InjuryMalaisePulmonary EmbolismAnxietyLoss Of ConsciousnessOedema Peripheral
InsomniaOverdoseDrug Withdrawal SyndromeBipolar DisorderSuicidal Ideation
Drug Withdrawal SyndromeThrombophlebitis SuperficialMemory ImpairmentDyspnoeaLoss Of Consciousness
Gallbladder PainConvulsionFallFallLethargy
HypoglycaemiaLoss Of ConsciousnessLoss Of ConsciousnessNauseaLaryngitis
PainShort-term Memory LossCondition AggravatedTremorNausea

* Some reports may have incomplete information.

How to use the study: print a copy of the study and bring it to your health teams to ensure drug risks and benefits are fully discussed and understood.

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Do you take Suboxone and Seroquel?

You are not alone! Join a related mobile support group:
- support group for people who take Suboxone and Seroquel
- support group for people who take Seroquel
- support group for people who take Suboxone

Recent conversations of related support groups:

Can you answer these questions (Ask a question):

More questions for: Seroquel, Suboxone

You may be interested at these reviews (Write a review):

  • 13yr old autistic daughter diagnosed with cerebral palsy after taking seroquel
    My beautiful 13yrold daughter who was diagnosed with Autism at 2 yrs old, never suffered from ANY physical disabilities prior to being put on a very large dose of SEROQUEL at age 11. Within less than a year, she went from running and jumping on her trampoline to being diagnosed with Cerebral Palsy!! She now has to be cared for in a facility, relying on being pushed in a wheelchair for outside transfer, and wearing a foam helmet to protect her from injury during her daily falls. Two separate neurologists label her with cerebral palsy and will not go any further in diagnosis. Genetic studies show no explanation, and the children's hospital are the only one willing to indicate the possibility of the medications she was put on by a mental health facility as the possible cause. I have long avoided placing her on heavy medications for the 11 years that she was in my care, and this did not occur until she went into her father's care temporarily while I had major surgery. Over a period of6-8 months, she began to develop a limp and became so unsteady she could not walk 5 feet without bumping into things and falling. When I cared for her again and saw the medications she had been placed on, I am not ashamed to say I not only researched them, but took one of the Seroquel to see how it affected ME! I was over 80 pounds heavier than my daughter at the time, yet found myself completely incapacitated for almost 48hrs!! I immediately took her to the children's hospital in our area where she was hospitalized for over a week and treated by a TEAM of physicians ranging from Orthopedics to Neurologists. From CT Scans, complete blood work, MRIS, etc., nothing could explain any cause for her issues except "the possibility of the medications". They began to lower her Seroquel dose then sent her to the state mental hospital 4 hours away where she stayed for 2 months while undergoing the genetic studies and another neurologist who continued to lower the Seroquel and completely take her off it. My beautiful girl is now left with a lifetime physical disability.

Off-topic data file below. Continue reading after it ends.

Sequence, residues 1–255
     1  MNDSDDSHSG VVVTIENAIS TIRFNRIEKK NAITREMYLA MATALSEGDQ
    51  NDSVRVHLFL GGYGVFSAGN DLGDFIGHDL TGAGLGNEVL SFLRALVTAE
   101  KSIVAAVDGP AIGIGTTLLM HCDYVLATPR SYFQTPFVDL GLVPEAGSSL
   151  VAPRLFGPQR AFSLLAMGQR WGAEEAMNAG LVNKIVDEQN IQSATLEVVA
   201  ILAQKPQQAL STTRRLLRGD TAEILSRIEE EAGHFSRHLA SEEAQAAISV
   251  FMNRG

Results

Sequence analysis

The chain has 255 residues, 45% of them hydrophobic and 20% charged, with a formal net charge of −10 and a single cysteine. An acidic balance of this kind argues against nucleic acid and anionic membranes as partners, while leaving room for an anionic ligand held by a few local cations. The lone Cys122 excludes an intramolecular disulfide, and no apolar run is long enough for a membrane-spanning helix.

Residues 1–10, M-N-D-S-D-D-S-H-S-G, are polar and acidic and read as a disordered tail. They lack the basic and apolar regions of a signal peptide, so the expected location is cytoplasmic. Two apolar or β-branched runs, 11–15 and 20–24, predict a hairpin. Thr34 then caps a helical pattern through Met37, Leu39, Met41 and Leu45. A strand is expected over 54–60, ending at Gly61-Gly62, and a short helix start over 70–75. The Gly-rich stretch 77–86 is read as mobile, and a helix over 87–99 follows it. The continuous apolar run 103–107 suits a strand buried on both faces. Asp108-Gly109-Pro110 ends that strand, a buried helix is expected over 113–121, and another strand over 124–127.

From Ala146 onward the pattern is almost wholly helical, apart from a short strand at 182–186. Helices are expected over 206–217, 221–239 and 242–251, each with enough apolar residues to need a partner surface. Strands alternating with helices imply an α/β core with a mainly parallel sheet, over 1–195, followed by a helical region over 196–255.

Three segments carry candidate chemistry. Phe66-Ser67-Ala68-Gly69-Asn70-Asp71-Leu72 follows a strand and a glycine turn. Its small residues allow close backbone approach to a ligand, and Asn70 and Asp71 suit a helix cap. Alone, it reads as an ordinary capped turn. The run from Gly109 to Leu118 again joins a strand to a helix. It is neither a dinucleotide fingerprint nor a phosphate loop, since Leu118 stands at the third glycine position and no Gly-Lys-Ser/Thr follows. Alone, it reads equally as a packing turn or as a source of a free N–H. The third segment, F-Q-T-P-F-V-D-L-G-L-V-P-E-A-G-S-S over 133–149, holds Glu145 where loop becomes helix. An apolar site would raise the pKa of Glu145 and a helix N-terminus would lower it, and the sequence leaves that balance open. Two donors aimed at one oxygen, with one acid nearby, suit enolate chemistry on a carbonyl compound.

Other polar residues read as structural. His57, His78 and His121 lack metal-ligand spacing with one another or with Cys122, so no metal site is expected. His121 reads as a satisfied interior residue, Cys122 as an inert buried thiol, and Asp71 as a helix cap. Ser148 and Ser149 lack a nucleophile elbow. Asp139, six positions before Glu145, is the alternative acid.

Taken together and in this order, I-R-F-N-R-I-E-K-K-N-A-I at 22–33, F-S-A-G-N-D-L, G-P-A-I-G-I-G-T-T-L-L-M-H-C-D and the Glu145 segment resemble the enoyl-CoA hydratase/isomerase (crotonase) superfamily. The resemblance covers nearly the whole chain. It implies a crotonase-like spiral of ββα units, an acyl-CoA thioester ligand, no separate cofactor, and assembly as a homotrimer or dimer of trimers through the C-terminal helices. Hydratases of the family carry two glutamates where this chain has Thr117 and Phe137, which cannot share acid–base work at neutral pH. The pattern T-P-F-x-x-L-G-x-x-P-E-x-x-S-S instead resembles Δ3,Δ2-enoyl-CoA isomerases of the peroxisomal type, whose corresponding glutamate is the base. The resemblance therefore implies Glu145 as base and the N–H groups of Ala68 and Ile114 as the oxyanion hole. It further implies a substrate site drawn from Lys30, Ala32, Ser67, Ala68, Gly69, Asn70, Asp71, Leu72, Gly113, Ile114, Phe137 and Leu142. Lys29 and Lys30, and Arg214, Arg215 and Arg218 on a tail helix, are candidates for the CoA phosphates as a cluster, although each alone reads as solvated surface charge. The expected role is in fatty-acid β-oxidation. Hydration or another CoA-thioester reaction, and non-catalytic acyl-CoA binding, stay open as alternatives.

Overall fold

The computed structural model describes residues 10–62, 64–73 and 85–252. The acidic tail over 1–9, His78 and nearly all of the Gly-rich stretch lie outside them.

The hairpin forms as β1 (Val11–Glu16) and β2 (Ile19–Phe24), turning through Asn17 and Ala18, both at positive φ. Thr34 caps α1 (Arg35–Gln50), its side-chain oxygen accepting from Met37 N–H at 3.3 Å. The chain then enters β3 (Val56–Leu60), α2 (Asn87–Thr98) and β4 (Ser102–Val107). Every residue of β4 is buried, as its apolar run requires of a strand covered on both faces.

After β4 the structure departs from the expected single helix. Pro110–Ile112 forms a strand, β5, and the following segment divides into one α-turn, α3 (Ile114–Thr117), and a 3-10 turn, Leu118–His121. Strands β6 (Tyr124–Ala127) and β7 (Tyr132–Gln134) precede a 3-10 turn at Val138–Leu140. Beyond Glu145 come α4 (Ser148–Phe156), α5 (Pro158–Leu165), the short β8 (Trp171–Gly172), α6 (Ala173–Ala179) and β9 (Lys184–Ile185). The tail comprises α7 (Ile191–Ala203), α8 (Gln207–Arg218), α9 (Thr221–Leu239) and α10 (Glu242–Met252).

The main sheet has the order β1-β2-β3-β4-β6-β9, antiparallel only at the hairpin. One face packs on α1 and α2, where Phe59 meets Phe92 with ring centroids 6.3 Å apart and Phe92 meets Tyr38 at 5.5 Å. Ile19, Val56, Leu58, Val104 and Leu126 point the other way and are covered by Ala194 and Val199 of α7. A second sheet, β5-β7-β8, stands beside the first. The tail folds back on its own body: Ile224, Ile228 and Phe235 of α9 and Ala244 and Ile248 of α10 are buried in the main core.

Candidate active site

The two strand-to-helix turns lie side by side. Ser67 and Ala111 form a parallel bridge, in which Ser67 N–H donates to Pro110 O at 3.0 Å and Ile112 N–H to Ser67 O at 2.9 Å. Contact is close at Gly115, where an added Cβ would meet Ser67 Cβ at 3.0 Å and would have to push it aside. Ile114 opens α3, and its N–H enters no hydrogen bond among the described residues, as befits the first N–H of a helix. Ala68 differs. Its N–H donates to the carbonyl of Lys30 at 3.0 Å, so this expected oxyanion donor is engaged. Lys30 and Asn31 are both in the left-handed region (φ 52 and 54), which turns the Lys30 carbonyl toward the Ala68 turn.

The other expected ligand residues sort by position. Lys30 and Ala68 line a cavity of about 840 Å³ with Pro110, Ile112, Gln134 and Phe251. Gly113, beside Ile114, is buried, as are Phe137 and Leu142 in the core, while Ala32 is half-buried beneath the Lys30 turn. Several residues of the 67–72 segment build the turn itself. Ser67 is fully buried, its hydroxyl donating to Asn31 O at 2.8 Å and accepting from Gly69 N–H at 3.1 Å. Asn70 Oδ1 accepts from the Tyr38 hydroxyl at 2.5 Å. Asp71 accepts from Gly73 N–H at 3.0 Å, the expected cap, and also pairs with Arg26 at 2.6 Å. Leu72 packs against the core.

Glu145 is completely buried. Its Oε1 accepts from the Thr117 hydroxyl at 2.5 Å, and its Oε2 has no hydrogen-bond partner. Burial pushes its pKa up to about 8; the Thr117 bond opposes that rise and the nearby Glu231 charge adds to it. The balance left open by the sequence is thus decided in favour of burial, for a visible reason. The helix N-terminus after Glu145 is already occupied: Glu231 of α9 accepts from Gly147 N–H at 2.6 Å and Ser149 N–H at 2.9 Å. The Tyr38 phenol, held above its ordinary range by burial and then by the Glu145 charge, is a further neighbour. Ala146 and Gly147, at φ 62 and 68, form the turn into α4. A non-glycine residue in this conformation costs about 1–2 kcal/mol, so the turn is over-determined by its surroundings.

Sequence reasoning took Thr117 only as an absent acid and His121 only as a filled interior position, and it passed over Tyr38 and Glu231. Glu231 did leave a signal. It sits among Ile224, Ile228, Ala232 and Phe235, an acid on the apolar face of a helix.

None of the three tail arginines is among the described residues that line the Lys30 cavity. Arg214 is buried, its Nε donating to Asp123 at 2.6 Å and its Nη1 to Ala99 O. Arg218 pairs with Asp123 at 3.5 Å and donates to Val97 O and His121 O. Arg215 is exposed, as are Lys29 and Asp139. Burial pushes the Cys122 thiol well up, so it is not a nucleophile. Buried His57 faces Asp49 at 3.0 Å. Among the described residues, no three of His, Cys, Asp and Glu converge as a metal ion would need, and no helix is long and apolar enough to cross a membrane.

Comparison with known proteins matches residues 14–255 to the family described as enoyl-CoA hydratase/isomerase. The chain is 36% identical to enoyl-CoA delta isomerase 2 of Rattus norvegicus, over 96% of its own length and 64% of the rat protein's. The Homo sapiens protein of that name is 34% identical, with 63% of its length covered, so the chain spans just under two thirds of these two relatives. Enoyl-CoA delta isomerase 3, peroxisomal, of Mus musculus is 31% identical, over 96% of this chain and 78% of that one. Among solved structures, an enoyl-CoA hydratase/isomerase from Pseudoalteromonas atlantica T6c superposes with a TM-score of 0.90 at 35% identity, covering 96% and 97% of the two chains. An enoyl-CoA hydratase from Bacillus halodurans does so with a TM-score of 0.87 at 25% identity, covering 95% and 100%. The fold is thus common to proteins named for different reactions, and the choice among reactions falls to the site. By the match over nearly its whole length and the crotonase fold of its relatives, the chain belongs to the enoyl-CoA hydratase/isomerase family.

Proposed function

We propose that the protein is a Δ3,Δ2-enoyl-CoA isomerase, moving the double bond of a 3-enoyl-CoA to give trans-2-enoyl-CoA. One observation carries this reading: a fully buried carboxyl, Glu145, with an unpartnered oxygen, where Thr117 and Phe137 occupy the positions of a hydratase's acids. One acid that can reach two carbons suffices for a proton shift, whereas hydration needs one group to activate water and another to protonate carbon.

• Ears thundering after suboxone or any opiate
    Anyone notice the thundering in your ears after taking suboxone. Larger doses mostly and it actually happens with any opiate. It's a rumbling in the ears, I did read that hearing loss and opiates were connnected. hmmm
  • Terrible excessive sweating from hydrochlorothiazide